Improved manufacturing capability will include high safety standards.
And building this capability will open opportunities for Australian manufacturers to participate in global supply chains and access export markets.
The Office of National Rail Industry Coordination has been established within the Department of Industry, Science and Resources to develop and deliver our Rail Plan.
We will shortly appoint a National Rail Advocate and Rail Industry Innovation Council to support and drive change in the rail manufacturing industry.
The Advocate will work with state and territory governments and other stakeholders to help ensure local suppliers are considered for critical transport projects.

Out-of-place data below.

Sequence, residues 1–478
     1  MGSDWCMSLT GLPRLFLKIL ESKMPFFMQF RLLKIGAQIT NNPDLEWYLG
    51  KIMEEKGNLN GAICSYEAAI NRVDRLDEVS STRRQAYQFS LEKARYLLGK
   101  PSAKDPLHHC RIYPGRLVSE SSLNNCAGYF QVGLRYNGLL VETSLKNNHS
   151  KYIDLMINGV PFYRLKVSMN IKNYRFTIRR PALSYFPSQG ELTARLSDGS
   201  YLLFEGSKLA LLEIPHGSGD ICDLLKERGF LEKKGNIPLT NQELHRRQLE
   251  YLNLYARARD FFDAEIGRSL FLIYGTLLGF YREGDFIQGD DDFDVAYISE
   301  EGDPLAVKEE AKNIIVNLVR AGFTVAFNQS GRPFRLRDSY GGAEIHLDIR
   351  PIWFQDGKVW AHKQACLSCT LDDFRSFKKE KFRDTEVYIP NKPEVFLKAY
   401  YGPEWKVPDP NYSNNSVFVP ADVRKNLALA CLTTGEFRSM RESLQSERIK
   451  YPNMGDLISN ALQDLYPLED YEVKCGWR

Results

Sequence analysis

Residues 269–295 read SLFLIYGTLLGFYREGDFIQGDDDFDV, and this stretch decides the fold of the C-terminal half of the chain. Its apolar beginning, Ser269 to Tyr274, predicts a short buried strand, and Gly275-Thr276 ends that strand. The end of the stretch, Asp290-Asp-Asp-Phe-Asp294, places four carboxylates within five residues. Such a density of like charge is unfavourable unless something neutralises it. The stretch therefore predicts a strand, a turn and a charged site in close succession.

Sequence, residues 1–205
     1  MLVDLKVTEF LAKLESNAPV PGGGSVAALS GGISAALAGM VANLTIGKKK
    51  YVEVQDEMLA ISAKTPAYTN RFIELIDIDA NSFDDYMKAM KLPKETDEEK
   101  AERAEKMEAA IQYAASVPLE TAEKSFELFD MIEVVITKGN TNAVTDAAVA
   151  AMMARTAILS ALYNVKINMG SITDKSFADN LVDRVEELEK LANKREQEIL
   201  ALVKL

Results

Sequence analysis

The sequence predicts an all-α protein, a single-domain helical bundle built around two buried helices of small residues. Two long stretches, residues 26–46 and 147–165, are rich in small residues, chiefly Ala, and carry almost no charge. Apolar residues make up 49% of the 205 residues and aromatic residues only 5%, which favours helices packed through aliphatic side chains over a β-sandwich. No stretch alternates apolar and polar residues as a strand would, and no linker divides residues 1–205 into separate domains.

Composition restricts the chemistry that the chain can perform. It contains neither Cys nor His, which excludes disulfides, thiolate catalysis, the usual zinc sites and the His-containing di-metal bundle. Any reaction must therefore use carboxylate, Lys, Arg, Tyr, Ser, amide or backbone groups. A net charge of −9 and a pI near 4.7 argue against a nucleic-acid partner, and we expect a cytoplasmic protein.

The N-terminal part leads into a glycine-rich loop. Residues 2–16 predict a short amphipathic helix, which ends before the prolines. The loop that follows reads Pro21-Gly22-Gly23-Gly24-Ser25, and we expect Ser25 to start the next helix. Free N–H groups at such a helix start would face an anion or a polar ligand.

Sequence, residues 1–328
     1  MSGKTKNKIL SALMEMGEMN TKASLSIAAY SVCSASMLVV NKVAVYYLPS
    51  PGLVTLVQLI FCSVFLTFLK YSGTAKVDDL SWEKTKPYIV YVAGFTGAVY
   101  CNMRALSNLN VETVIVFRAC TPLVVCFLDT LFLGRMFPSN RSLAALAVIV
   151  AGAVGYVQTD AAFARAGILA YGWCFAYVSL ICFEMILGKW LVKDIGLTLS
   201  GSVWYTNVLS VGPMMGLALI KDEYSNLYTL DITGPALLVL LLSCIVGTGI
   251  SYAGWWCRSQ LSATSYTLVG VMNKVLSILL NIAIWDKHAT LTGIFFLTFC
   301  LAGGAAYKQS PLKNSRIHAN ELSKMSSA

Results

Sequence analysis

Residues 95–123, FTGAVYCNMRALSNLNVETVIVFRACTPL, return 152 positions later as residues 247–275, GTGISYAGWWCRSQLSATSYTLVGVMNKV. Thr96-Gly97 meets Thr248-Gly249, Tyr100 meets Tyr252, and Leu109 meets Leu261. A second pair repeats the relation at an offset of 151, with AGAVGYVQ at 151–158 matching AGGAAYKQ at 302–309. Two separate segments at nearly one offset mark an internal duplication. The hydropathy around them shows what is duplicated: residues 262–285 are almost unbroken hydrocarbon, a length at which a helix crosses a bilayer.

This work will help lift Australia up the value chain and broaden our export complexity and product diversity.
The Advocate will also chair the Innovation Council.
The Council will support the growth of a sustainable rail manufacturing industry by identifying opportunities for Australian innovation, research and technology.
This will include opportunities to develop and integrate advanced technologies into manufacturing operations across the rail supply chain.
The Advocate and Council will also play a critical role in the development of the National Rail Procurement and Manufacturing Strategy, a key element of our Rail Plan.
The Strategy will support industry productivity and facilitate opportunities for Australian manufacturers.